As promised, an intro to suspension.

In this article I will be discussing camber, camber gain, camber thrust, caster, toe, and bump steer.

Camber is a measure of how angled your wheels are. This angle is measured where every degree that the top of the tire points inwards is a degree of negative camber.

When a vehicle enters a corner, the moment we discussed last time forces the car to roll a bit. This rolling causes the outside of the tires to be loaded more then the inside (outside/inside relative to the corner). This unequal distribution of load across the tire manifests itself as a loss in traction. By adding camber to the vehicle you sort of preload the tires so when the car is in the corner its outside wheels are as close to flat as possible.

Camber gain is the awesome advantage that modern suspension systems have over the "barbaric" suspension systems of old. A description of the types will be in yet another article. What is important though is that on most modern cars as the wheel moves up relative to the car it will see a mild to moderate gain in its camber angle. This is a big thing considering that as your vehicle rolls in a corner the outside wheels do get loaded more and move up relative to the vehicle. Thus you can have relatively flat tires on the straight sections and when you hit the corner camber gain will try to keep your wheel upright.

Camber thrust is the side force created when you roll a wheel at an angle. The easiest way to visualize it is to imagine a point on the outside of the tire. As the wheel spins this point will eventually come in contact with the ground. When it hits the ground it sticks to the ground deviating from it's original curved path. This deflection causes the tire to add a side force to the vehicle pointing towards to the center of the vehicle if you have negative camber and away from the vehicle if you have positive camber. In a corner the increased loading of the outside tires will cause the camber thrust effect to be greater then the inside wheels, thus it will help force your car around the corner.

Caster is an important angle that your upright makes (upright is the term used for the structure that holds the wheel and brakes). It is usually angled with the top farther back then the bottom.

Caster has 2 main effects. The first being that as the front wheels pivot, it will cause the wheels to gain in camber (see picture below of the benz with way to much caster). The second effect is something called mechanical trail. This is a mechanically induced self righting mechanism... basically when you drive forward, the tires contact patch is behind the upright's pivoting axis, when you drive forwards any deviation (i.e. when you turn the wheel) will be countered by the tire. This countering can be felt, and is half of the reason why your steering wheel tends to pull itself straight. The other half is pneumatic trail, which I will cover in yet another tyres/tires article.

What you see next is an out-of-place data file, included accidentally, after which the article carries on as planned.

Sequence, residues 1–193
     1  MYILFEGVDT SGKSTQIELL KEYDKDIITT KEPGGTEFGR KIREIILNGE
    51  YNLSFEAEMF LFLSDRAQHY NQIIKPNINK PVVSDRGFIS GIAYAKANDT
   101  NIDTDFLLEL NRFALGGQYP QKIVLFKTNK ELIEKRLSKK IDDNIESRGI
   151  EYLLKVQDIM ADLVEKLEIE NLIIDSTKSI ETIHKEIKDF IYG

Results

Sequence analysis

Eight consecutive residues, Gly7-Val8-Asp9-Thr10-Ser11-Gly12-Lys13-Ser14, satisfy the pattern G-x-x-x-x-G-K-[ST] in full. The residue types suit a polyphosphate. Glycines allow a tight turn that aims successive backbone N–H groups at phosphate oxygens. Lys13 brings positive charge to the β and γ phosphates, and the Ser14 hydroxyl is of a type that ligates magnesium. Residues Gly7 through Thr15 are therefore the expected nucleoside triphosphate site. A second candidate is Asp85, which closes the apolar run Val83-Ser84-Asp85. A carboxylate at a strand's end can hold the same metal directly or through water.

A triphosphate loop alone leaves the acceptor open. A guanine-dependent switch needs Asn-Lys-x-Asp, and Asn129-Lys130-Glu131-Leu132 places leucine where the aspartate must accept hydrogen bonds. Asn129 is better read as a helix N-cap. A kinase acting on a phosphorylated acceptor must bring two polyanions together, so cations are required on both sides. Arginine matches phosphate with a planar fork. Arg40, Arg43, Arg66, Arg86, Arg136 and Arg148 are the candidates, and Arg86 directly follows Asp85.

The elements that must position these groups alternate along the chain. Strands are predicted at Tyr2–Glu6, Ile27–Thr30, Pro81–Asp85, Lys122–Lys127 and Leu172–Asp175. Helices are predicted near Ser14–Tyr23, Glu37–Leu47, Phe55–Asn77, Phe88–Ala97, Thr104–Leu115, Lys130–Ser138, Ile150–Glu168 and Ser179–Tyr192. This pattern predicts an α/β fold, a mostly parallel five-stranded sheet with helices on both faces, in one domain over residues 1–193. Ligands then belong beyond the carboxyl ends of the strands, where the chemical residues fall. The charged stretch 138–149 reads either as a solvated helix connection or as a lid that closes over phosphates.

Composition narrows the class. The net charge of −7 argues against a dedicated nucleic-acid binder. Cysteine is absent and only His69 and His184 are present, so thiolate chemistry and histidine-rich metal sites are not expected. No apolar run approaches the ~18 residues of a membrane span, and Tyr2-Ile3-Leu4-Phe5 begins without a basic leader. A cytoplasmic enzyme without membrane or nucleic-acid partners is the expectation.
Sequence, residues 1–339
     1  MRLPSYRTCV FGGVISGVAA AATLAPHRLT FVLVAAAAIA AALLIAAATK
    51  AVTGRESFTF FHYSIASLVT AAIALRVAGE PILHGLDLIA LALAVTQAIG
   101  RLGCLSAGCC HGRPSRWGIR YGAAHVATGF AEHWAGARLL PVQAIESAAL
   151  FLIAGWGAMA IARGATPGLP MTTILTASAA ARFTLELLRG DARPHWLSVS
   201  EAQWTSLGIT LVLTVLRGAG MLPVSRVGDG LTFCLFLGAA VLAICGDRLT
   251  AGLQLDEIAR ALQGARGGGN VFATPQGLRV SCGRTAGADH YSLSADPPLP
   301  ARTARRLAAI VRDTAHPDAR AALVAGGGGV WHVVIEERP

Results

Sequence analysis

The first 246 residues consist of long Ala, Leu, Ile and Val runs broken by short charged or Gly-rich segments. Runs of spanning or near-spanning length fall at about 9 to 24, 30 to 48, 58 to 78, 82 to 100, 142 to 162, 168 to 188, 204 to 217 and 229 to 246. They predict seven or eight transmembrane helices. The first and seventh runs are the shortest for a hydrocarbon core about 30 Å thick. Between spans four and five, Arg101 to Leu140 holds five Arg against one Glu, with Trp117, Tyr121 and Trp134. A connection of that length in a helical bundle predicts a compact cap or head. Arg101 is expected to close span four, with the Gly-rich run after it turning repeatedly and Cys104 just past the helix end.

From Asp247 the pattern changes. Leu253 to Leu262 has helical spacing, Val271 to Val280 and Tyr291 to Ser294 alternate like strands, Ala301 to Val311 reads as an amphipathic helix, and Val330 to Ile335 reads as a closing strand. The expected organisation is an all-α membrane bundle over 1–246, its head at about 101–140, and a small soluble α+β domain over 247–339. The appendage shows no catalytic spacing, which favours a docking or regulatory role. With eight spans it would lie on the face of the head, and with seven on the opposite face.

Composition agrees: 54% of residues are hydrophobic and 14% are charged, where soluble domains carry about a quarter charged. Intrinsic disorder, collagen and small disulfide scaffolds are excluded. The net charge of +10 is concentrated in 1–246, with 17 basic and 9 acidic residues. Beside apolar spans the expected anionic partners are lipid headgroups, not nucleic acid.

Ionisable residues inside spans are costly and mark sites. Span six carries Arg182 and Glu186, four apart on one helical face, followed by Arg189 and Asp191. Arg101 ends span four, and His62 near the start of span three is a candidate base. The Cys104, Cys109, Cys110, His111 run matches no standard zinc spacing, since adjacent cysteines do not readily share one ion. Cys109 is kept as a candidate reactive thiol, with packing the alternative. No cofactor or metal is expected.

Toe is how in or out a wheel is pointing relative to the other wheel. The easiest way to visualize this is to stand up look down at your feet, if you point your toes together, then that is known as toe in...

What toe does is determines the amount of turn in response a vehicle has. Toe in will decrease the turn in response but make the vehicle very stable to drive at high speeds. Toe out will increase the turn in response and make the vehicle highly unstable at high speeds. Excessive toe will cause excessive tire wear, so if you really do need lots of it, then there is probably something else wrong with the vehicles setup.

Toe works on the idea that the outside tires of a vehicle will always travel around a larger circle then the inside tires. If you point the inside tire in more then the outside one in a tire it will more easily follow the tighter circumference. Thus making it easier for the vehicle to turn into the corner.

Finally, bump steer... bump steer is the phenomenon of a poorly designed steering system (If you want to know in detail how to design a steering system to avoid bump steer, let me know...). What bump steer does is every time a vehicle hits a bump, it will change the amount of toe that vehicle has. The last thing you want in a corner is to have your wheels changing directions because you hit a bump.

Tomorrow will be the third article on tyres/tires and it will be covering a few things have been bothering me that I haven't mentioned yet.